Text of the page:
The Magazine's review of blogs
By Alan Connor
Critics claims blogs have nothing to say. Weblog Watch aims to find evidence to the contrary.
Many thanks for all your feedback to last week's inaugural Weblog Watch, and the swathes of links you sent over.
As many of you pointed out, you can only really define a blog in technical terms: their content is as different as the content of any other medium: books, say, or radio. There are product review blogs, scientific research blogs and eggcup blogs (more below) as well as the soapboxes and diaries that are often taken to be the epitome of the blogosphere.
One of the most promising aspects of blogging is the way in which bloggers are more able and more prepared to tackle issues that the mainstream media sometimes ignore or gloss over.
And Guido Fawkes is a man who's not known for caring too much about convention. We're not talking about the conspirator behind the Gunpowder Plot - everyone knows that blowing up the Houses Of Parliament hardly counts as conventional commentatary. His namesake is a British political blogger who writes "from the perspective of the only man to enter Parliament with honest intentions".
His blog, Order Order, puts a plague on both Houses of Parliament, on all the political parties, on the mainstream media, and on various other bloggers for good measure. When the site was nominated for an award from the Guardian newspaper, Guido refused to accept the validity of their online poll, and when he eventually won, he showed his gratitude by portraying the paper as "trying to feed vampirically off the buzz and energy of the Blogosphere for whatever edgy cachet it has".
Guido's stock-in-trade is a mixture of tip-offs from Westminster insiders and humorous (and much-imitated) commentary. Like many blogs, though, tech issues are more likely to get a look-in, especially when they overlap with wider issues such as privacy.
And so Order Order has started a debate which could have repercussions come the next election with regard to political e-mails, specifically the Labour Party's. Labour were perceived to be winning the e-mail war during the campaign, so lively and frequent were the despatches that so many people received - whether they were Labour supporters or not.
As well as raising the question of whether these mails, if unsolicited, counted as spam, Guido has also noticed that the underlying code contained a device he identifies as "spyware": a way of tracking the behaviour of e-mail users. He's concerned about this especially as some of the personalised links in the mails lead to a part of the Labour site that asks you for your postcode.
Is Guido right to be worried? His critics in the blogosphere, such as Talk Politics, have taken him to task for questioning the legality of political spyware, and said that by citing the Data Protection Act, he's barking up the wrong tree. But many of the techniques tried out in the last election have had privacy campaigners worried, and at the very least, it can do no harm to start a debate about the burgeoning form of party e-mails while it's still developing.
And even if the technical side goes over your head, Guido's accounts of his dealings with the Labour Party, if true, give a fascinating insight into the way that the establishment has been courting opinion-forming bloggers - and how one of them is refusing to be co-opted. Or so he says!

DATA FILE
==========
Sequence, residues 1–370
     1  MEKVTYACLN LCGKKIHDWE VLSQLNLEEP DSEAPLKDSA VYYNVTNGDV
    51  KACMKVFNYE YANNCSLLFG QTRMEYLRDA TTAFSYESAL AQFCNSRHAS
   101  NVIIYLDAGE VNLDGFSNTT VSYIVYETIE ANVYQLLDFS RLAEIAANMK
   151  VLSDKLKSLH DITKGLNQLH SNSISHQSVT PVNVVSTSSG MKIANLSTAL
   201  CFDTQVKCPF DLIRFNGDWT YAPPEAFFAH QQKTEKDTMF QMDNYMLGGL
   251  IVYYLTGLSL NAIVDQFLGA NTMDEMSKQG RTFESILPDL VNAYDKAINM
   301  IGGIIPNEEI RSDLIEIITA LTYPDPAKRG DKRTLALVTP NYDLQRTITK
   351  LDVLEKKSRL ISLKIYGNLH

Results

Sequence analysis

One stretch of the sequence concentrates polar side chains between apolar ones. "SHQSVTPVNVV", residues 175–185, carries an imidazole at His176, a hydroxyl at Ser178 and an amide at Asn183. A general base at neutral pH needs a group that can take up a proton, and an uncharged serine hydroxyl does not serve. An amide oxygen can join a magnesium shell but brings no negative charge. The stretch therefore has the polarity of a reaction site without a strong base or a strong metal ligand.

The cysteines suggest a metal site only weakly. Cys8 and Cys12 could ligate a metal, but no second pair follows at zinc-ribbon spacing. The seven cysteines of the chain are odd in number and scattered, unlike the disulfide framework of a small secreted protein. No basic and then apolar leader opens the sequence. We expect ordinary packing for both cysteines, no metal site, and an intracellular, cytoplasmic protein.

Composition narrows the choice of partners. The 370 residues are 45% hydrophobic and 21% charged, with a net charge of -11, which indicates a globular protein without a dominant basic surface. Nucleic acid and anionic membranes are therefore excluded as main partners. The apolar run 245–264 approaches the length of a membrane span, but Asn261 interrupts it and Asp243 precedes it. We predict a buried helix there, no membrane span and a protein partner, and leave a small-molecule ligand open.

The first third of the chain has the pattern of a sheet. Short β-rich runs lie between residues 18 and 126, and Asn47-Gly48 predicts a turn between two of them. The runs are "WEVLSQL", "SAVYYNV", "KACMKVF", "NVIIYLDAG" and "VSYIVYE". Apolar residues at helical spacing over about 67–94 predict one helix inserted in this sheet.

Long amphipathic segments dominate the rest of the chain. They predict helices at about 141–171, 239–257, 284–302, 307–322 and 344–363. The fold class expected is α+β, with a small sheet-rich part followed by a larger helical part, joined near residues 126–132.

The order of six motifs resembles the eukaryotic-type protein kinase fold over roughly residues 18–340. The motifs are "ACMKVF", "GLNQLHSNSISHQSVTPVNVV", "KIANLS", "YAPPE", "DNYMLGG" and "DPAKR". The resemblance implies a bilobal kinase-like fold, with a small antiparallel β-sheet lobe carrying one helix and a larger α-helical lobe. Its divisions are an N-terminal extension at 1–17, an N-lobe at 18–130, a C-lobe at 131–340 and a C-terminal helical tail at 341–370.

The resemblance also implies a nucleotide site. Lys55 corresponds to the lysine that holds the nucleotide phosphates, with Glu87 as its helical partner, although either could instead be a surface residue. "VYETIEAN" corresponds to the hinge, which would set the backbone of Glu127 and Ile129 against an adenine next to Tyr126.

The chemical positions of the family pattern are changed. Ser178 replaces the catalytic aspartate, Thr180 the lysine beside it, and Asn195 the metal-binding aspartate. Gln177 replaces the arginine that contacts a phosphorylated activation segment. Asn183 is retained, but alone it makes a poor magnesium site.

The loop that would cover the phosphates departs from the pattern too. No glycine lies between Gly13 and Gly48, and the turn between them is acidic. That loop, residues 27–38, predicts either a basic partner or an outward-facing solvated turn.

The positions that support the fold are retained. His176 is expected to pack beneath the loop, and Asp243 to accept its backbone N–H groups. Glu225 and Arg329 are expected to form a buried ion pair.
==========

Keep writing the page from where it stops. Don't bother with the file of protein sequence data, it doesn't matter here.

On the topic of political blogs, you'll find plenty of links among Tom Worstall's BritBlog Roundups, and there's pause for thought from this comment from reader Dinesh: "For countries like Nepal, blogs can do what traditional media can't. At a time when intellectual discourses are banned by the state, blogs are the medium to do just that."
Finally, there are the personal blogs that aroused such affection and such odium in the mailbag. Of course, the diary form has its equivalent in the mainstream media, and any observer who wants to lambast diary blogs for being self-indulgent should probably check first that they're not working for a newspaper that gives over entire pages for columnists to talk about shopping or their family lives.
For an intensely personal experience, PostSecret doesn't have one author: rather, it's a blog made up of postcards that users have sent in on which they've written, anonymously, their secrets.
Like its text cousin Group Hug, it's been going for a while, but is currently riding high on Blogdex, MIT's index which tracks who's linking to whom. This is partly due to the fact that things that capture a lot of attention often get second bite of the apple, and partly because there's new material there: more beautifully-written postcards.
If you really don't care for the detritus of other people's lives, this site will be a living hell for you, but if you have a morbid curiosity in reading entries like "I show pictures of my feet to a man online so he'll buy me stuff", and much more disturbing, this is the place for you.
And we wouldn't be complete without mentioning a first-person diary (reader Steve James is reporting from around the world for friends, family, and anyone else who's interested) and a blog focusing on something absurdly specific (Una Huevera Al Dia seems to be reviewing a different eggcup every day, for all eternity).
Our final word comes from reader Rhys of Colwyn Bay, who remarks: "I believe part of the beauty of blogging is having nothing to say, and writing about it. You are sharing your life with the world, be it interesting or not. Surely even Samuel Pepys had a few off days?". He certainly, did, as a look at his blog will verify!
If there's a blog you would like to suggest for inclusion, please let us know about it here.
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